- The Washington Times - Tuesday, January 12, 2016

Russian President Vladimir Putin suggested that his government could grant political asylum to embattled Syrian President Bashar Assad in an interview with the German tabloid Bild, published Tuesday. 

Although Mr. Putin said it was premature to discuss asylum, he admitted that it would be easier to shelter Mr. Assad than it has been for the Kremlin to harbor NSA whistleblower Edward Snowden, who was granted asylum in Russia in 2013. 

“It was surely more difficult to grant Snowden asylum in Russian than it would be in the case of Assad,” Mr. Putin said, the Guardian reported

But Mr. Putin argued that Mr. Assad might not need to seek asylum in Russia at all, should a democratic election be held in Syria under a peace deal to end the country’s 5-year civil war.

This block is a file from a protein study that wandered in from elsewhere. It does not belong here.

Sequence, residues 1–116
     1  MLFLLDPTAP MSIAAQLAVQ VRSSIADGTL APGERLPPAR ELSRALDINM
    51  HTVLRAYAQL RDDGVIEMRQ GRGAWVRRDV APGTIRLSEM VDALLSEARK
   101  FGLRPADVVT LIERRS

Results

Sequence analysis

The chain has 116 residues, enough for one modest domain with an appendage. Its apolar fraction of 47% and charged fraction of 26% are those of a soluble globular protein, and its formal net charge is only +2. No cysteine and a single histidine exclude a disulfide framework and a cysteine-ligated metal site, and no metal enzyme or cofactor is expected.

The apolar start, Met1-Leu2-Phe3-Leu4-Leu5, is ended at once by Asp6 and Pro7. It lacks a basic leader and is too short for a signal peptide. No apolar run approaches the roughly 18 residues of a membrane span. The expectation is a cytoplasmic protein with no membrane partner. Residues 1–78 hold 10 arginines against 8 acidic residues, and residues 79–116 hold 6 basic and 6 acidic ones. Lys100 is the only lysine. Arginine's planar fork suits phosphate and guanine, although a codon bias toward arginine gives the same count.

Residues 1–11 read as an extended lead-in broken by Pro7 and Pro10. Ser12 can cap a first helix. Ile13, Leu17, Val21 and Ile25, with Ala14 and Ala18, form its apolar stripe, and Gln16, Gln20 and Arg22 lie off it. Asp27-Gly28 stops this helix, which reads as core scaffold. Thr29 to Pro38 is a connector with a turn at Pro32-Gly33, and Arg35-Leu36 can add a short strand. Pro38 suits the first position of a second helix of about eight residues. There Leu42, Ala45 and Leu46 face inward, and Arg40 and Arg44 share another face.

“First, the Syrian population has to be able to vote, and then we will see if Assad would have to leave his country if he loses the election,” Mr. Putin said. 



He said his main goal is to support the “legitimate” government in Syria while encouraging constitutional reforms, defending Mr. Assad’s use of force against Syrian rebels.

However, Mr. Putin admitted that his ally had “done much wrong over the course of this conflict.” 

But he argued that the “conflict would never have become so big if it had not been fueled by outside of Syria — with weapons, money and fighters,” according to the Guardian. 

Russia began a large-scale air strike campaign in Syrian in September. The Kremlin claims it is mainly targeting Islamic State fighters but critics say the majority of Russia’s air strikes have hit rebel group that oppose Mr. Assad’s regime. 

 

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